R&D Subcontractors

Changes brought about under Finance Act 2019 to the new upfront notification requirement is likely to cause administrative challenges. Companies should keep records of notifications sent in the event of a Revenue audit.


To claim the credit for costs incurred by a claimant company in engaging a subcontractor to carry out R&D activity on its behalf, the claimant company must notify the sub-contracting party in writing that they may not make a claim for the R&D credit for these purposes.

The purpose of the notifications procedure is to eliminate a situation where two different companies are claiming the R&D tax credit for the same costs.

Before the recent introduction of the time limit for subcontractor notifications, there was always a risk of two companies claiming the R&D tax credit for the same costs.  

The below example sets out how this came about in practice:

  • Company A engages a subcontractor, Company B, to carry out R&D on its behalf;
  • Both companies have a financial year-end of 31 December;
  • Company A claims the R&D tax credit on its corporation tax return for the year ended 31 December when filing its return, the following September. Company A sends a notification to Company B in November to advise that it has claimed the R&D tax credit for the subcontracting costs provided by Company B. However, Company B had already claimed the R&D tax credit on its own corporation tax return which was filed in July. Therefore both companies have claimed in respect of the same R&D costs.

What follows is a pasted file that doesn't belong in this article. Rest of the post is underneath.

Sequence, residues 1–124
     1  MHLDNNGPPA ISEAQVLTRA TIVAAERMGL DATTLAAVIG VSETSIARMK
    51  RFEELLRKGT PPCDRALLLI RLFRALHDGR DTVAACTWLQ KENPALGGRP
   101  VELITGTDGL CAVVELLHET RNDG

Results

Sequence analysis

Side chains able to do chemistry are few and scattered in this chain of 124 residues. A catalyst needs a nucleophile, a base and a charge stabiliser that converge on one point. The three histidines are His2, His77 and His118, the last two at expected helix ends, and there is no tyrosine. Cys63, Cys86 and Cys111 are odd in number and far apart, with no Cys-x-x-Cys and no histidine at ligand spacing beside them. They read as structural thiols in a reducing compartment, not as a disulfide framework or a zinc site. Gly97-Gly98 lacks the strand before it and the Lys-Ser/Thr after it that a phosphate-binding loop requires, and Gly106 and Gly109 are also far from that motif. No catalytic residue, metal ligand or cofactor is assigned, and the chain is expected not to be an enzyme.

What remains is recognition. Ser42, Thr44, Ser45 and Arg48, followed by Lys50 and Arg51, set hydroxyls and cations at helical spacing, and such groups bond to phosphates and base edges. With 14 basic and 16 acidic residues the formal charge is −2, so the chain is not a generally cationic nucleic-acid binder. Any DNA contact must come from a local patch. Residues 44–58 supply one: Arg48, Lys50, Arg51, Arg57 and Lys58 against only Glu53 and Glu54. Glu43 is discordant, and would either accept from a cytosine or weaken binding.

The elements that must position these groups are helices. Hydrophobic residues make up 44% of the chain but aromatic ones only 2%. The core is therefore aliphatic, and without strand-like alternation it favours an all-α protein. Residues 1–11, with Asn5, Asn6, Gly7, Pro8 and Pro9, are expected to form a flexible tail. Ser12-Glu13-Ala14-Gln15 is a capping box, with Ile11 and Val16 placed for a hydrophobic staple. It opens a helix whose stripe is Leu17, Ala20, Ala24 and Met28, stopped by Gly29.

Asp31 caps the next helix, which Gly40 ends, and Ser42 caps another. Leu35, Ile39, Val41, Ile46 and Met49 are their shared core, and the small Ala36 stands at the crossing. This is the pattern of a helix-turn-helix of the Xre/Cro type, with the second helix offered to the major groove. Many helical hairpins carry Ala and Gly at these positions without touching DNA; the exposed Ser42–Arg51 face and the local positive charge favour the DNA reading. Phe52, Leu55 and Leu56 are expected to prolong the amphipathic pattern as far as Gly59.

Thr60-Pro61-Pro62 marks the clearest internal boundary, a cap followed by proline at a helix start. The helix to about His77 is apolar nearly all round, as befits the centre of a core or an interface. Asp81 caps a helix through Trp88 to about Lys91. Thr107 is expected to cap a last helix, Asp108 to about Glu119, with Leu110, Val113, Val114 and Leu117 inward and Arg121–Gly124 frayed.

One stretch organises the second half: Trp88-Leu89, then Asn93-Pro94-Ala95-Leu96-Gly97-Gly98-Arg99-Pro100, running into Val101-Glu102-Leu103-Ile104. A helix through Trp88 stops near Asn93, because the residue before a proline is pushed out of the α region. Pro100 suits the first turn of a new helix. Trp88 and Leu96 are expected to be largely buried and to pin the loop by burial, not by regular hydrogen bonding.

Previously, there was no time limit set out in the legislation as to when this notification should be made.

An amendment introduced by Finance Act 2019 requires claimant companies to notify subcontractors in advance of every payment or on the date the payment is made where they might be claiming the R&D tax credit on that payment.

This change became effective from 22 December 2019, the date that Finance Act 2019 was signed into law.

Going forward, failure to notify subcontractors in advance of every payment may result in Revenue seeking to disallow some, or all the outsourced R&D expenditure included your company’s R&D tax credit claim.

Where the outsourced activity is undertaken by a person who could not claim the R&D tax credit (for example an individual, or by a non-resident 3rd party which does not have a branch in Ireland), then Revenue will accept that a notification is not required.

If you have any questions in relation to the above, or if you would like to discuss this topic further, please contact a member of the Mazars corporate tax team below:

Staff Member




Gerry Vahey

Tax Partner


01 449 6423

John Burke

Assistant Tax Manager


01 512 5571


February 2020